I think this model is easiest to learn diagrammatically, and then mathematically. Here is the graph and then an explanation of what is happening:
Notice first the total market demand curve for the industry as a whole. Then notice the marginal cost curve for the competitive fringe of firms. This is a model in which there is one firm which is dominant and then a fringe of small firms who are so small that they behave like perfectly competitive firms – they take the price that is give by the dominant firm (and then set P = MC to profit maximize).
The basic story in this model is that the dominant firm leaves room for the competitive fringe (and therefore profit maximizes according to the “residual” demand curve. Since the fringe of firms behaves like perfect competitors, the sum of their marginal cost curves is essentially their supply curve. It represents the amount that these firms together will want to supply at any possible price.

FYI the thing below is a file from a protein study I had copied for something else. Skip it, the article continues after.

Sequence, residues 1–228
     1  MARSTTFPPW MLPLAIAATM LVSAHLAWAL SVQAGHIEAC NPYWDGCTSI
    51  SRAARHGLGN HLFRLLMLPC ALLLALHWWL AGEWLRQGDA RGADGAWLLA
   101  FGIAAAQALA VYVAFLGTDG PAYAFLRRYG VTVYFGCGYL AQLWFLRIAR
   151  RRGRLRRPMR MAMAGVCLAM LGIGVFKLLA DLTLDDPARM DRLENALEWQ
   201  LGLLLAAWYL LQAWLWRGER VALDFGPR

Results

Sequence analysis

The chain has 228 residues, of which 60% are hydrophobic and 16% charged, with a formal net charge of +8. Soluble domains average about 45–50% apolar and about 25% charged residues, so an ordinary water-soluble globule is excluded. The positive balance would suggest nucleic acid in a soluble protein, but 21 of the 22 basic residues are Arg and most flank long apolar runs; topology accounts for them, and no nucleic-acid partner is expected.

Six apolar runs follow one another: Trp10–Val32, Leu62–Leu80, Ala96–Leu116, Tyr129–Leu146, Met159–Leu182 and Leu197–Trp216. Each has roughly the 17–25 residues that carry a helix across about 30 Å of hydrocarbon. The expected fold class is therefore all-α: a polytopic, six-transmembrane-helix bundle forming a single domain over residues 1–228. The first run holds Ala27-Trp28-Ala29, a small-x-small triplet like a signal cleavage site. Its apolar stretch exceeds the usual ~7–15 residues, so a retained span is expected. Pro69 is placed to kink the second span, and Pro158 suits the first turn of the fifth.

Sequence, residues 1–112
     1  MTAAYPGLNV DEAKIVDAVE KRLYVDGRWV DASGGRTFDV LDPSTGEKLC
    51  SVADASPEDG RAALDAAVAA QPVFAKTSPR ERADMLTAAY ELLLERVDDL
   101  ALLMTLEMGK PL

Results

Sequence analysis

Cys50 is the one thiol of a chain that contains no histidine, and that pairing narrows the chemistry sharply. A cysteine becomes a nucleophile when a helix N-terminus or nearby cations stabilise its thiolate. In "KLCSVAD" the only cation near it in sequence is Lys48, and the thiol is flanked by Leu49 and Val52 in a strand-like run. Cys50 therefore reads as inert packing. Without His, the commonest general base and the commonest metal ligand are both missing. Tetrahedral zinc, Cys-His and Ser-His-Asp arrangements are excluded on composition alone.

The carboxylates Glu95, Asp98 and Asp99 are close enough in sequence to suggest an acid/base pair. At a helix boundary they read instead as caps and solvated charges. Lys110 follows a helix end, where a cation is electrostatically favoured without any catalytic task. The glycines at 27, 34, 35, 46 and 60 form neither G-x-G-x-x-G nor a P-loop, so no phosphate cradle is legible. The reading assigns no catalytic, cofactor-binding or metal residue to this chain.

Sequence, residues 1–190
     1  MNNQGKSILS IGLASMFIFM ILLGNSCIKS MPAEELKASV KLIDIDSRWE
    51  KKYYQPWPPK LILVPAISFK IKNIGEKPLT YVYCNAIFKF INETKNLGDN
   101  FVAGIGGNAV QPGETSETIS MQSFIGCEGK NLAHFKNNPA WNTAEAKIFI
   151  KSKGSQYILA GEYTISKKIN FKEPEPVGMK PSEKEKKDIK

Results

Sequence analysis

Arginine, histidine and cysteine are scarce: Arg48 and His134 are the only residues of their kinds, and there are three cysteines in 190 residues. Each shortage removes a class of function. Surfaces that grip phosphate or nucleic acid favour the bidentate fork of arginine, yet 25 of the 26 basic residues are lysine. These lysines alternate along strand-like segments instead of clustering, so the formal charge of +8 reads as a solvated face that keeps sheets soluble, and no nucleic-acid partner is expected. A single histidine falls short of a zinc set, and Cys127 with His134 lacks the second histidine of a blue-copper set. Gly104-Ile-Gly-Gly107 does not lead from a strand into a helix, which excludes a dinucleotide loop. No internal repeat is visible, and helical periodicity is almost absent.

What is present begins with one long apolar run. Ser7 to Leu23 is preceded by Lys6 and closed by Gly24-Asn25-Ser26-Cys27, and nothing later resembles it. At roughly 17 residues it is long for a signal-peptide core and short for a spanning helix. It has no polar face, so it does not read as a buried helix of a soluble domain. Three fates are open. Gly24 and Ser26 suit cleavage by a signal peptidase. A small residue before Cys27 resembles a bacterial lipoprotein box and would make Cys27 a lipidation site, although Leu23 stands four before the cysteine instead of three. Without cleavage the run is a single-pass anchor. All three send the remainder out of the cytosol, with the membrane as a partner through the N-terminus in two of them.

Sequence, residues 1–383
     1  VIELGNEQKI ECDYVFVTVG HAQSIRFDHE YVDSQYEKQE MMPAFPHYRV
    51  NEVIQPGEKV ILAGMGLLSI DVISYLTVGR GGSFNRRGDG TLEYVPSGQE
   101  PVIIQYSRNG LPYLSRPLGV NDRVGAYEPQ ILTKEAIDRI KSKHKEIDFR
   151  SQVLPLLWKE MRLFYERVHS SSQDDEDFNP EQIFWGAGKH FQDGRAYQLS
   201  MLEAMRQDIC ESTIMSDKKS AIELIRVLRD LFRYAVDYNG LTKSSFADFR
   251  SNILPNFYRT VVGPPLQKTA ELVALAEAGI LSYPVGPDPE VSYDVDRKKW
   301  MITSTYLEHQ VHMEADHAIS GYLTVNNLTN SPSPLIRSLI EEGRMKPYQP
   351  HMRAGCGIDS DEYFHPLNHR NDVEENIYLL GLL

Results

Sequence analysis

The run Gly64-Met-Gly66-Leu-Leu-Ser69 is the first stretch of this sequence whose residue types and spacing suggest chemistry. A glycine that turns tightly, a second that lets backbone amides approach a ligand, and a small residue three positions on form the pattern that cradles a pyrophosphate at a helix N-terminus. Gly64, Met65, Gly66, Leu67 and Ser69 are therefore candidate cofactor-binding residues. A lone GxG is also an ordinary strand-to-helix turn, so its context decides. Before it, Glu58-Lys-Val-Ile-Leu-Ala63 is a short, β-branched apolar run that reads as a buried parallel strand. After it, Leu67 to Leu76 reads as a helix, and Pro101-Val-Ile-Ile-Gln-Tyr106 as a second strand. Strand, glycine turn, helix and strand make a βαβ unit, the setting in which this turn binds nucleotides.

Therefore, the residual demand curve is total demand minus this supply by the competitive fringe. This is exactly what the curve labeled DDF represents.
Our story is that the dominant firm profit maximizes using this residual demand curve. That means setting MR = MC for this demand curve. This is exactly where Q*DF comes from (it is the quantity at which MR is just equal to MC for the dominant firm. The dominant firm will charge the profit-maximizing price, which is P*.
Once P* is established by the dominant firm, the competitive fringe (who are price takers) will just take this price and set P* = MC. This gives us the profit-maximizing quantity Q*CF for the competitive fringe.
We can take an algebraic example. Assume that the overall industry demand curve is P = 100 – Q and that the sum of the marginal costs of the competitive fringe is P = 10 + 4Q. The marginal cost of the dominant firm is constant at MC = 18.
The price at which the total demand and the